Paddy: I agree with your thesis and will add that the work titles at 11R-most of which are Selfie #1,Selfie 2 etc-support that idea. Many of the images look as if they are documentation of the making of a clone. For example, a sculpted breast detached from any body is held out, as if it is being submitted for evaluation, a hand holds a detached thumb as though it has just come out of a shop. You’d think that creating a dummy for manipulation might be a way for the artist to assume some control over her image, but the voodoo mask suggests that she’ll feel every cut and collage.
The most disturbing image wasn’t the lifelike voodoo mask, but the woman’s hand with two and a half blackened prosthetic fingers laid out and a child’s hand manipulating the still life. The idea that all of this could be a vision of our children seems terrifying.
Michael: The first piece one sees walking into Lyles & King is an enormous video projection of the artist (who is caucasian) painting herself jet black. As an American viewer, particularly in light of unfortunately-recent, surprisingly-ongoing discourse about blackface, my knee-jerk reaction was “WHAT THE FUCK IS SHE THINKING?” It then becomes apparent that this is an ontological exercise related to photography: Grzeszkowska contours, drag queen/Kardashian-style, with white paint as her shadow, creating a negative image of herself that reads as “correct” when photographed in inverted contexts, including her un-painted, caucasian family. The end result is a series of black-and-white surreal images wherein Grzeszkowska reads as a nude from a painting standing in alien environments, “other” from the negative-image people around her.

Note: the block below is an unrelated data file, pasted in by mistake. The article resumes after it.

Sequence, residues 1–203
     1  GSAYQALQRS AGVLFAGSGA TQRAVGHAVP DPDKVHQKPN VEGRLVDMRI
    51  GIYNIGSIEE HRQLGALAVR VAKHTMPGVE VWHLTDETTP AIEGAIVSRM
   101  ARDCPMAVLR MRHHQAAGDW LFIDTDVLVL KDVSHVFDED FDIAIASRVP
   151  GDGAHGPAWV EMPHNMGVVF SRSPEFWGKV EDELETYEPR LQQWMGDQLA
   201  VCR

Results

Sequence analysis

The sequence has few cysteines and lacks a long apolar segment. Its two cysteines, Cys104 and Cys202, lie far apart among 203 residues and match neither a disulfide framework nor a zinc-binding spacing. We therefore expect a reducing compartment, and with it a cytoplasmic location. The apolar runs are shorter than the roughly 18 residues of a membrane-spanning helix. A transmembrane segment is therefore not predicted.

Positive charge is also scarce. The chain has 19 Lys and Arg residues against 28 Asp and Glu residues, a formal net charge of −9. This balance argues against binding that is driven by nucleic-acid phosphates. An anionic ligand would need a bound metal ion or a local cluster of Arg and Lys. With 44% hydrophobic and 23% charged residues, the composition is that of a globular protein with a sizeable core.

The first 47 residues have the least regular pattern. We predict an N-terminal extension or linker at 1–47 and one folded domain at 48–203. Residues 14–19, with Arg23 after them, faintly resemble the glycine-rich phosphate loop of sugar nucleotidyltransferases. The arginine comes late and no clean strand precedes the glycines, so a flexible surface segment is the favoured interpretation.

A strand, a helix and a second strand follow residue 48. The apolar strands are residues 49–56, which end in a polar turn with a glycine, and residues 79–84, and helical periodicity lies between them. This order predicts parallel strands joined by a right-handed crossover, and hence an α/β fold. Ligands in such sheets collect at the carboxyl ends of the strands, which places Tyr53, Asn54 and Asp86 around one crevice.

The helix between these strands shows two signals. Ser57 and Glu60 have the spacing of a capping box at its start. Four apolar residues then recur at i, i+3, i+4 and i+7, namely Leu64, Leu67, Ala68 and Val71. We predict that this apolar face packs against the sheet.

Honestly, I don’t find this offensive and I think it’s the type of thing that—yes—is defendable and makes sense. I see a lot of toying with cliché and “special effects” tropes in Grzeszkowska’s work. But really, why wouldn’t someone in 2016 just do this in color? Especially in the context of work that’s about “otherness” or the body made grotesque, painting yourself black just opens a can of worms that we shouldn’t have to devote this much time to scooping back up, just so it can be knocked over again and again. Are black and white photography and cinema really the most relevant points of reference in discussions of portraiture? When compared to ubiquitous color selfies or even oil painting, I think not. I’m not saying I personally find this series problematic, but I know that no one would find this problematic if she’d just painted herself in purples and blues (the actual negative image of flesh) and produced the series in color.
Paddy: Maybe it was too hard to get the effects needed in purples and blues? I could see a botched version of color photographs being more offensive than just opting for the black and white version.
Michael: Ha! I’m sure that’s true. I think we live in an era where the risk of offence probably outweighs rewards for risk-taking.
Speaking of color, one of my favorite pieces in the Lyle & King space was one of the few in color, “Negative Make Up” In the image on the left, Grzeszykowska wears foundation and lipstick in their prescribed zones. On the right, she’s covered her lips with foundation and the rest of her face in lipstick. It’s so good: